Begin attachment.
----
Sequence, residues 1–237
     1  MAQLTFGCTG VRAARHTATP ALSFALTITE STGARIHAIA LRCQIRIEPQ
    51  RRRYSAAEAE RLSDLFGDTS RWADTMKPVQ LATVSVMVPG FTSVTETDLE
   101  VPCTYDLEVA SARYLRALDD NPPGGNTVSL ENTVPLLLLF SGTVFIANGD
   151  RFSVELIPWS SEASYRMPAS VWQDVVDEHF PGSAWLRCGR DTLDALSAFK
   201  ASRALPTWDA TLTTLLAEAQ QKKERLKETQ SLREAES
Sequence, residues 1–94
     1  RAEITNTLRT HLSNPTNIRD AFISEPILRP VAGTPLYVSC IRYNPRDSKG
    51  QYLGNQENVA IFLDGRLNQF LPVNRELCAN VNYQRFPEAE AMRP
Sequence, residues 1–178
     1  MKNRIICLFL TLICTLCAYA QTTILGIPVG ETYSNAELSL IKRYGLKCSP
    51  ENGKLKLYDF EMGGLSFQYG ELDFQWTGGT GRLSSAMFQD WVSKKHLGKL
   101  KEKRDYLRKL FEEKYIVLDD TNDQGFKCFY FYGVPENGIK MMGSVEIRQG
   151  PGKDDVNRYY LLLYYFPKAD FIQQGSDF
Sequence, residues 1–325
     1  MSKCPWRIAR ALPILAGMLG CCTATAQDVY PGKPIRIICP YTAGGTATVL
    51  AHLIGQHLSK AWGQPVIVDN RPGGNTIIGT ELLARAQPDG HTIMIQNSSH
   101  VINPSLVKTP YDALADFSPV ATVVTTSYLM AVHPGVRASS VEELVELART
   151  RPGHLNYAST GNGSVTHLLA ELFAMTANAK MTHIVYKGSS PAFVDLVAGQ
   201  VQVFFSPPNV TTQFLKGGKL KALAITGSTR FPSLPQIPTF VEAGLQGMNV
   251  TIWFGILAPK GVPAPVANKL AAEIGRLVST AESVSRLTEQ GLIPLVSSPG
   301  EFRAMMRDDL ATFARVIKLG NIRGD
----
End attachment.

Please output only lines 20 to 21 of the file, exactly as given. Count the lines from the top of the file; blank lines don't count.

   201  VQVFFSPPNV TTQFLKGGKL KALAITGSTR FPSLPQIPTF VEAGLQGMNV
   251  TIWFGILAPK GVPAPVANKL AAEIGRLVST AESVSRLTEQ GLIPLVSSPG